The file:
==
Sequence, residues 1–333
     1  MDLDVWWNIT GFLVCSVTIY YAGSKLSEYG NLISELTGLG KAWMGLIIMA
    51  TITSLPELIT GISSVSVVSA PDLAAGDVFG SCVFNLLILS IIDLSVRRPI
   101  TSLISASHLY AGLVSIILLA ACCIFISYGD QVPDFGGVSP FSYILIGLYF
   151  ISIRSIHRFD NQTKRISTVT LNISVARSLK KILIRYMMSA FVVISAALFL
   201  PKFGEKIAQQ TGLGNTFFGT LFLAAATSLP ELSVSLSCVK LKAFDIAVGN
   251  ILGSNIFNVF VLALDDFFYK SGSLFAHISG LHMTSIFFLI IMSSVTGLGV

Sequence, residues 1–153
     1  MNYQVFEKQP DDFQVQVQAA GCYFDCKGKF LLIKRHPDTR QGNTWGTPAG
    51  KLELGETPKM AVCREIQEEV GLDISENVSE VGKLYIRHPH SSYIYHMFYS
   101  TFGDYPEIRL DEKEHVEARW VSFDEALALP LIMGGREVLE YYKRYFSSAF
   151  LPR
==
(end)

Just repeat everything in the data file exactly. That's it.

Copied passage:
Sequence, residues 1–333
     1  MDLDVWWNIT GFLVCSVTIY YAGSKLSEYG NLISELTGLG KAWMGLIIMA
    51  TITSLPELIT GISSVSVVSA PDLAAGDVFG SCVFNLLILS IIDLSVRRPI
   101  TSLISASHLY AGLVSIILLA ACCIFISYGD QVPDFGGVSP FSYILIGLYF
   151  ISIRSIHRFD NQTKRISTVT LNISVARSLK KILIRYMMSA FVVISAALFL
   201  PKFGEKIAQQ TGLGNTFFGT LFLAAATSLP ELSVSLSCVK LKAFDIAVGN
   251  ILGSNIFNVF VLALDDFFYK SGSLFAHISG LHMTSIFFLI IMSSVTGLGV

Sequence, residues 1–153
     1  MNYQVFEKQP DDFQVQVQAA GCYFDCKGKF LLIKRHPDTR QGNTWGTPAG
    51  KLELGETPKM AVCREIQEEV GLDISENVSE VGKLYIRHPH SSYIYHMFYS
   101  TFGDYPEIRL DEKEHVEARW VSFDEALALP LIMGGREVLE YYKRYFSSAF
   151  LPR